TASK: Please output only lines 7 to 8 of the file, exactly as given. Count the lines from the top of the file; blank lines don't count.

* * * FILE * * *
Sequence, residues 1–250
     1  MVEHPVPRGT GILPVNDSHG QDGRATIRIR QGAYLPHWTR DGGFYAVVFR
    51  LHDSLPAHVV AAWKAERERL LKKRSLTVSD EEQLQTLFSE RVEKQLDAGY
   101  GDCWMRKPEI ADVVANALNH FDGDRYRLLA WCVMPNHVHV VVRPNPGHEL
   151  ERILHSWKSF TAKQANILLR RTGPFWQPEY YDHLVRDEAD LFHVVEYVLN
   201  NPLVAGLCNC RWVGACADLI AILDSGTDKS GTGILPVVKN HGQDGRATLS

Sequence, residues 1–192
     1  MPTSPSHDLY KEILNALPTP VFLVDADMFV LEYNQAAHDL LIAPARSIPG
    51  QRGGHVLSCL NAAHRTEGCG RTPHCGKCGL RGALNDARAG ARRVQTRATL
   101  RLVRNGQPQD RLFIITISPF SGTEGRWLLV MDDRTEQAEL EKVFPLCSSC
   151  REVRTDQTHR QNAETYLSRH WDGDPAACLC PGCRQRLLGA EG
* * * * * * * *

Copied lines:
Sequence, residues 1–192
     1  MPTSPSHDLY KEILNALPTP VFLVDADMFV LEYNQAAHDL LIAPARSIPG